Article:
Salvē! Nōmen mihi Titus est. Mēcum venī et ab glōriīsRōmīs experīris!
Dē quō pūtāsnarrant?
Cūpīmus nummōs bellō dare?
Welcome to Rome in 100 BCE! It was a prosperous city in the center of a great Republic, with many thousands of citizens in the city alone. How did they become so powerful? Through politics. This is a short run-through of the Roman political system that helped it through wars and revolutions over a period of 450 years.
Senātōrēs bellum cūrāre nōn cūpiunt.
Sed nōs scīmus nummōs bellō dare bene est!
Exemplum senātī cūrāre dēbēmus! Nunc bellum servāre nōlō.
This was the Roman Forum. Considered by many to be the city center, it was a place to socialize with fellow Romans. It was this socialization and this sharing of opinions that was the driving force behind the city's politics. One of the buildings in the Forum was the Curia. This was the meeting place of the Roman Senate, one of the main political bodies.
Tribūnī et senātus rēs aliās cupiunt. Quid cōnsulēs facent?
Argūmentum ēius iūstum est!
Inside the Curia, senators debated policies proposed by tribunes and other legislative bodies and advised the consuls on the best course of action. The Senate was composed of retired magistrates (which included quaestors, aediles, praetors, consuls, and tribunes). However, because they were not elected to the position (rather, retiring magistrates could choose to join the Senate), they technically held no political power.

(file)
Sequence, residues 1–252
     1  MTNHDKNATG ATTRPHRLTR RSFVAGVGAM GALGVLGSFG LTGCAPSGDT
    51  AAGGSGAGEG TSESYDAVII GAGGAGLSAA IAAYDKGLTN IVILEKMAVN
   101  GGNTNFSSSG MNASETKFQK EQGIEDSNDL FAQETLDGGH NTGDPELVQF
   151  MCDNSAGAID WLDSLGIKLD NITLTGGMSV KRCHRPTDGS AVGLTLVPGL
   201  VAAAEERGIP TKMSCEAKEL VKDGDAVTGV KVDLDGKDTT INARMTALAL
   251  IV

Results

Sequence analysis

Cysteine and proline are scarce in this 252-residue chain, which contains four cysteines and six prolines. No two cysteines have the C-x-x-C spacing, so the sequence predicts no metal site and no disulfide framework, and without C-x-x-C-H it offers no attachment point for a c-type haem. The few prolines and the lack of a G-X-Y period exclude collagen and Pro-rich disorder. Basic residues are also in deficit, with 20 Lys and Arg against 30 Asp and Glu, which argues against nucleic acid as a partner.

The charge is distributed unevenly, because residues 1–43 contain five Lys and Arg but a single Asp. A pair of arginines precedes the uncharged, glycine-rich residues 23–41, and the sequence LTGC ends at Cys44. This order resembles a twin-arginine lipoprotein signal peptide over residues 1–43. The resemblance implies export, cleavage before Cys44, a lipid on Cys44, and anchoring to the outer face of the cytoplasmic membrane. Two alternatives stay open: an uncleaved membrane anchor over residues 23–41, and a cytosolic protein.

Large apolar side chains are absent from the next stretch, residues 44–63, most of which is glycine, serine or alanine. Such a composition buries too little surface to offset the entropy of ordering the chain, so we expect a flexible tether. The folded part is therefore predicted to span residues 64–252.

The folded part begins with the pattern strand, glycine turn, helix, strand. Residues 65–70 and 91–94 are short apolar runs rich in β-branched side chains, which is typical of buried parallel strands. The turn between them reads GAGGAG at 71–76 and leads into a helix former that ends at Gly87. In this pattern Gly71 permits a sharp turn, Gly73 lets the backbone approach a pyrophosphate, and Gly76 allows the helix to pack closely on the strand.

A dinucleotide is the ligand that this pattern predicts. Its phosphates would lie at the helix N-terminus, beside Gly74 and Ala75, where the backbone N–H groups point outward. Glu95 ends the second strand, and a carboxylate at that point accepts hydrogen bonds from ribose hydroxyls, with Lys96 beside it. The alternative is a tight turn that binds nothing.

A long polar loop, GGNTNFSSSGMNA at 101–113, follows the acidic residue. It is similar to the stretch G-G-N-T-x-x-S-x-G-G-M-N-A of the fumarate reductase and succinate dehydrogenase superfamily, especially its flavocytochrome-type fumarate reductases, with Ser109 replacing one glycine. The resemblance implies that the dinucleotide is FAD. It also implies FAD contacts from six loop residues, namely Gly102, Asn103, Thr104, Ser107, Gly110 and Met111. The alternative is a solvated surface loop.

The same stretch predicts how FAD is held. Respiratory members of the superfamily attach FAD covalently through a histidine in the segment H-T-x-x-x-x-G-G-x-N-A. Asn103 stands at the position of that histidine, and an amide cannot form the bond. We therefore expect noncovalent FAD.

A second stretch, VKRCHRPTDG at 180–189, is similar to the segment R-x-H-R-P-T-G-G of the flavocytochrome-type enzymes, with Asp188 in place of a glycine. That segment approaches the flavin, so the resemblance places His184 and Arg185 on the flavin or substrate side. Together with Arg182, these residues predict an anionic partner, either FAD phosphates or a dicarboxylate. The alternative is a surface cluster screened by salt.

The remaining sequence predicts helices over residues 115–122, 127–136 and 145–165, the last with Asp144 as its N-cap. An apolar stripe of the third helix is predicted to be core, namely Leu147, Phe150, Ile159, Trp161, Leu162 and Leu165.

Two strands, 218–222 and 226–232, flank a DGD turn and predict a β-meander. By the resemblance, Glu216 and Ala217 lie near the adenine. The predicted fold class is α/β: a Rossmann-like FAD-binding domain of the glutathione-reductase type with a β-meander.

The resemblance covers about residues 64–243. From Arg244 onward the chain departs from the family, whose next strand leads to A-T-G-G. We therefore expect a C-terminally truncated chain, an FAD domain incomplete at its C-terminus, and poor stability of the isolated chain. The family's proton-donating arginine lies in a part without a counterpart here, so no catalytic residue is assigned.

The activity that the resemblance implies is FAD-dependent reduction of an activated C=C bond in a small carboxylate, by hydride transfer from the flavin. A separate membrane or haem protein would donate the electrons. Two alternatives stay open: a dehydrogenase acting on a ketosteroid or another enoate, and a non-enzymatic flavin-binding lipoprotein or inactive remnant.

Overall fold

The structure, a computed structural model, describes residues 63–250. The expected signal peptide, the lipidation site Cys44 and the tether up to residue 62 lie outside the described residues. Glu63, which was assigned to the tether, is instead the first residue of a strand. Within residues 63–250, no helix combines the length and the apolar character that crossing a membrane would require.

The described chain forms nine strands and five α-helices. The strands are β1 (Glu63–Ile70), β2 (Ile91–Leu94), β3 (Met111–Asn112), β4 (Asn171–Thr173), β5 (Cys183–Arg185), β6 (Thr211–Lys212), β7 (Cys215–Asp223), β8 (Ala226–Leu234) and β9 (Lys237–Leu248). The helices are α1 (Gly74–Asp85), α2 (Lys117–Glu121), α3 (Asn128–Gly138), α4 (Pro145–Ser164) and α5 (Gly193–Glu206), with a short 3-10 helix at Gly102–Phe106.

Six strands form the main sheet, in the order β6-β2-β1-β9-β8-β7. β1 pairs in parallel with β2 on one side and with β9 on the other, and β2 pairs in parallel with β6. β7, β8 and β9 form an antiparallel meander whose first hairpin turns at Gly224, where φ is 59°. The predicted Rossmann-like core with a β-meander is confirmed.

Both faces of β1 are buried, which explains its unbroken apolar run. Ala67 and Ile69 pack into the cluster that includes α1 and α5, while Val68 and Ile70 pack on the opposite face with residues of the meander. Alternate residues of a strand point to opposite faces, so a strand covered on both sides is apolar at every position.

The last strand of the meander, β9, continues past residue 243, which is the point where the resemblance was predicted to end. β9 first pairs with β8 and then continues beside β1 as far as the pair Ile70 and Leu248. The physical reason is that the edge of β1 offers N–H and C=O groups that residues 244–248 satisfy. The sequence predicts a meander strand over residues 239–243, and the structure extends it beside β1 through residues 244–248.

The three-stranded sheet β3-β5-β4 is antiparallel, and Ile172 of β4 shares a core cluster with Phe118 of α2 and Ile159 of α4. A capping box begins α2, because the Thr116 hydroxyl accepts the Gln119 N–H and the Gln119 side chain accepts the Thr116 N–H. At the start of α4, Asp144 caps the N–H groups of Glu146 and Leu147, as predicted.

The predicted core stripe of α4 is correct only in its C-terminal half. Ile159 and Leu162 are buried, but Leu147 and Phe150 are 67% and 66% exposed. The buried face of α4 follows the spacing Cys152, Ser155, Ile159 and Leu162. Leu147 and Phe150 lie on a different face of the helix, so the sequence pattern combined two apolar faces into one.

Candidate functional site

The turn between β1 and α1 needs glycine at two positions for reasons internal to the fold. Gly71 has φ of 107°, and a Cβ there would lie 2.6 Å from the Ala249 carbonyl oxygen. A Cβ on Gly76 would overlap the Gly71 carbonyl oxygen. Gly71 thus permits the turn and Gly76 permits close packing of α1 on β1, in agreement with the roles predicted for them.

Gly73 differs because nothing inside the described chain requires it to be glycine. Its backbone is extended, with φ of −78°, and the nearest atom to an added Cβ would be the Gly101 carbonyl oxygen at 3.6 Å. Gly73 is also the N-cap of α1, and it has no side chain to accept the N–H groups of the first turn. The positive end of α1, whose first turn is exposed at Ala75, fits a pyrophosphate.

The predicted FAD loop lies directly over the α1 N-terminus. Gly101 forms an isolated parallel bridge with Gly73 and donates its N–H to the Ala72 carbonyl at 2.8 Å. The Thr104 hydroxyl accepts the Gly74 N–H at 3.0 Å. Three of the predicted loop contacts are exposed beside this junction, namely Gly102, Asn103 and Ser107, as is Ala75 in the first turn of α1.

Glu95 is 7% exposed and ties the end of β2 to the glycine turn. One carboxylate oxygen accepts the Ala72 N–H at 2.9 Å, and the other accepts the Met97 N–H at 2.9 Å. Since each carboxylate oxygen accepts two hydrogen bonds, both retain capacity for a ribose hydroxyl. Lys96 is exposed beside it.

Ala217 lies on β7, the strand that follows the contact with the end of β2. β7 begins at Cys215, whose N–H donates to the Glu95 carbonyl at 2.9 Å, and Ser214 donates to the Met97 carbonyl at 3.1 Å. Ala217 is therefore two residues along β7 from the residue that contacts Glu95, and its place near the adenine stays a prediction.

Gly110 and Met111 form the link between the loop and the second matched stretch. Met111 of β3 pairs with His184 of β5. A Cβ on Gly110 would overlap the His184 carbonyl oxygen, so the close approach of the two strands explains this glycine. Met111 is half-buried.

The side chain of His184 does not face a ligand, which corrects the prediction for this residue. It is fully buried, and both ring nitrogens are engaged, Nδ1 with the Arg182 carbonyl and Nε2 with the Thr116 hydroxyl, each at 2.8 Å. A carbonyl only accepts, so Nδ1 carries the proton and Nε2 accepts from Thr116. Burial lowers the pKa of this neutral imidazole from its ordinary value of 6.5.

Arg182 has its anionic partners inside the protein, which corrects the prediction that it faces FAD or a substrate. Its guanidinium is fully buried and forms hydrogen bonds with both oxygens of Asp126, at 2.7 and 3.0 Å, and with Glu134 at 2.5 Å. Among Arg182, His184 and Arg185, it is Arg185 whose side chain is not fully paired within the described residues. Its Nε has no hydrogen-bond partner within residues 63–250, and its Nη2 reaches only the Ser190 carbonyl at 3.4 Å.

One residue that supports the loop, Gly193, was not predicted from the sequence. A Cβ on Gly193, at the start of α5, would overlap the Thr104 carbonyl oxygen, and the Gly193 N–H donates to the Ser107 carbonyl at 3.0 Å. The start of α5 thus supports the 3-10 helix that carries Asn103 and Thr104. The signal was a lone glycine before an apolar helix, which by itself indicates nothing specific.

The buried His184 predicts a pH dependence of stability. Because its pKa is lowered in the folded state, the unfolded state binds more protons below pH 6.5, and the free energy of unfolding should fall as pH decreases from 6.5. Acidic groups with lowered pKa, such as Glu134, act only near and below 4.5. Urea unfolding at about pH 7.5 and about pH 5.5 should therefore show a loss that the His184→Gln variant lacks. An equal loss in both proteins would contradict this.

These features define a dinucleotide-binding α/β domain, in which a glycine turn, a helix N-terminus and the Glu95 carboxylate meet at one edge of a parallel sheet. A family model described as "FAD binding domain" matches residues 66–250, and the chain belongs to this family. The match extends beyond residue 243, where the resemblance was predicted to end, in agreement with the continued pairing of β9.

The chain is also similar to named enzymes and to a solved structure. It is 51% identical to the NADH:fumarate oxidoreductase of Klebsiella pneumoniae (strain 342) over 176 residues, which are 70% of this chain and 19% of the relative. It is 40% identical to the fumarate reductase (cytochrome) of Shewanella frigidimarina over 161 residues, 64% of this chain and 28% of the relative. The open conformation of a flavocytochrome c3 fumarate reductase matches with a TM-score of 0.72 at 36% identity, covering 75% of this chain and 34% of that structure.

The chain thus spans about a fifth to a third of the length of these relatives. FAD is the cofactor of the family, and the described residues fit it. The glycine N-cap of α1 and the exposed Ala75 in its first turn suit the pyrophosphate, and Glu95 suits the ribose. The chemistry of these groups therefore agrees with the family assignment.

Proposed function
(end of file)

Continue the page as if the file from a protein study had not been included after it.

Dēliciae meae ab Iūlius captae sunt!
Although the Senate did not wield any political power, their experience in the magistracy made their advice much more valuable. Consuls usually decided to agree with them, even if it went against their wishes. However, it was hard for consuls to do anything with an uncooperative Senate. If they did not obey it, there was a possibility that the people would have lost faith in them and voted them out the next year.
The tribunes were likely the closest thing that Rome had to a legislative branch. Elected by all common people (the concilia plebis), the tribunes represented these voters and halted any attempt by the patricians (wealthy citizens) to gain any more power via a veto. Therefore, along with their power to create legislation, the tribunes' veto allowed them to pass laws much as a modern-day legislative branch would.
Many lesser magistrates served roles as financial managers (such as quaestors), overseers of infrastructure projects, hosts of public events (both of these duties of an aedile), and much more -- serving the consuls as the contemporary Cabinet does the US President. One exception, however, were the praetors (the magistracy under the consulship), who served in judicial affairs, as pictured above.